Reproduction of Amorpha canescens (Fabaceae) and diversity of its bee community in a fragmented landscape

Slagle, Malinda W.; Hendrix, Stephen D.
October 2009
Oecologia;Oct2009, Vol. 161 Issue 4, p813
Academic Journal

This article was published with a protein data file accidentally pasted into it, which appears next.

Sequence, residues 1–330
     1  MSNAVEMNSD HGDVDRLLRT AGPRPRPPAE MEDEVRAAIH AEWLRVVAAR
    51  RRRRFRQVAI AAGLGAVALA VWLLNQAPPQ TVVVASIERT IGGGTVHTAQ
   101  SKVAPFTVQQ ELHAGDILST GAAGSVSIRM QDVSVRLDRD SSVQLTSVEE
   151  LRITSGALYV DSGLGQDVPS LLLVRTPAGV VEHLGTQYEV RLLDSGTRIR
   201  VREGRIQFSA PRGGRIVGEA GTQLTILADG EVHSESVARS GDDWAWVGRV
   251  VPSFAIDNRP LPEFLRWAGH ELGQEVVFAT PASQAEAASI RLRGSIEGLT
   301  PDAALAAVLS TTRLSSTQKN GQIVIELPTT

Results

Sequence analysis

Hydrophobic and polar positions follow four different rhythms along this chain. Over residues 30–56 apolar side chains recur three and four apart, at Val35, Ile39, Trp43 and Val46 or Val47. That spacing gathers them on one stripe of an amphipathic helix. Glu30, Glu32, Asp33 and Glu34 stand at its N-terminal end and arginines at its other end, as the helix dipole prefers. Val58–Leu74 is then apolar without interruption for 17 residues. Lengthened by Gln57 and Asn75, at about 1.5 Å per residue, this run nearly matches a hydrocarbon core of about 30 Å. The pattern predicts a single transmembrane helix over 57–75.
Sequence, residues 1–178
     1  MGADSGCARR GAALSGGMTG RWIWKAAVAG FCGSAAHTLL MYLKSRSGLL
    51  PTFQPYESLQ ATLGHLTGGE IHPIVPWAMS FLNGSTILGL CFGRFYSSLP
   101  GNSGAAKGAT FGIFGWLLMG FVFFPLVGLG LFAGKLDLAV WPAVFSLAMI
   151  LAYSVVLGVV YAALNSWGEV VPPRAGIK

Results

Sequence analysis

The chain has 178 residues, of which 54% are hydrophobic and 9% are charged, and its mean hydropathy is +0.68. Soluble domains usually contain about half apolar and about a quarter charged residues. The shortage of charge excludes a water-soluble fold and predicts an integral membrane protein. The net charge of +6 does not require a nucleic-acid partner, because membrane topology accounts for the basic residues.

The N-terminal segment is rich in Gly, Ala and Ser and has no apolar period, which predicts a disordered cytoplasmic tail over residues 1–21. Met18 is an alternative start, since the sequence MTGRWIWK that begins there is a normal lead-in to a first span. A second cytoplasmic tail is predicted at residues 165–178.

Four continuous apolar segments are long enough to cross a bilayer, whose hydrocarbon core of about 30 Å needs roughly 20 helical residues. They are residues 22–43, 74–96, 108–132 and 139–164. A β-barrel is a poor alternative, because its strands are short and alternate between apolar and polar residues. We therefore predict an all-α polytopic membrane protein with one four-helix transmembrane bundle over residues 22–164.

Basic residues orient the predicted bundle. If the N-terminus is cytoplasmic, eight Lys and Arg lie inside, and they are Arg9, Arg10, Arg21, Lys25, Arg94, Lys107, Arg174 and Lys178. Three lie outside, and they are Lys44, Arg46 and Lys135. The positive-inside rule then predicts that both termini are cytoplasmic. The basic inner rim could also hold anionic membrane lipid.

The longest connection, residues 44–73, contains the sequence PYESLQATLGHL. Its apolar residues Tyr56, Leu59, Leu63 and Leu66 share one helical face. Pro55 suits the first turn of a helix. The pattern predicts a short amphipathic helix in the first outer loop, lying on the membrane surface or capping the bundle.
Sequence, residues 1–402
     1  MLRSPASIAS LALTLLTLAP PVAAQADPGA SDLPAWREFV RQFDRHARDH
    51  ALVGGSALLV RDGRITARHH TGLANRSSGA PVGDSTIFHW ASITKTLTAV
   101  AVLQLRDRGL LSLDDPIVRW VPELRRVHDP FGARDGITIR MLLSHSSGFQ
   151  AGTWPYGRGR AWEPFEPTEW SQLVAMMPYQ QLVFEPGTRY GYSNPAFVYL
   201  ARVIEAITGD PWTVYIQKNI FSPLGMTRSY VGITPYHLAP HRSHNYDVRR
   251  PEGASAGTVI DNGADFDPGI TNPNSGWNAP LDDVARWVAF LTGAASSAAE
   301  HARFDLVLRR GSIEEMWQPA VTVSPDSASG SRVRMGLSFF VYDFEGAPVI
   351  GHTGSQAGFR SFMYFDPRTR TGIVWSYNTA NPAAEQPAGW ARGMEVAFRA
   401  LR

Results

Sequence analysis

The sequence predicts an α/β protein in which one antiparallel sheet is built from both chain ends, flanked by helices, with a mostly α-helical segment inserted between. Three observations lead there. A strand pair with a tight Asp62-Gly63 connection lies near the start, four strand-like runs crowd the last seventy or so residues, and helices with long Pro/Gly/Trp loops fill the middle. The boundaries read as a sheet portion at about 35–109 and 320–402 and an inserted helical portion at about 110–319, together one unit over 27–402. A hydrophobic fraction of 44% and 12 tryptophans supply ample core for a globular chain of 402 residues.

Loss of insect pollinators due to habitat fragmentation often results in negative effects on plant reproduction, but few studies have simultaneously examined variation in the bee community, site characteristics and plant community characteristics to evaluate their relative effects on plant reproduction in a fragmented habitat. We examined the reproduction of a common tallgrass prairie forb, Amorpha canescens (Fabaceae), in large (>40 ha) and small (<2 ha) prairie remnants in Iowa and Minnesota in relation to the diversity and abundance of its bee visitors, plant population size, and species density of the forb flowering community. We found significant positive effects of the diversity of bees visiting A. canescens on percent fruit set at a site in both years of the study and in 2002 an additional significant positive effect of plant species density. Abundance of bees visiting A. canescens had a significant positive effect on percent fruit set in 2002, but was only marginally significant in 2003. In 2003 but not 2002, the plant species density at the sites had a significant negative effect on the diversity and abundance of bees visiting A. canescens, indicating community-level characteristics can influence the bee community visiting any one species . Site size, a common predictor of plant reproduction in fragmented habitats did not contribute to any models of fruit set and was only marginally related to bee diversity one year. Andrena quintilis, one of the three oligolectic bee species associated with A. canescens, was abundant at all sites, suggesting it has not been significantly affected by fragmentation. Our results show that the diversity of bees visiting A. canescens is important for maintaining fruit set and that bee visitation is still sufficient for at least some fruit set in all populations, suggesting these small remnants act as floral resource oases for bees in landscapes often dominated by agriculture.


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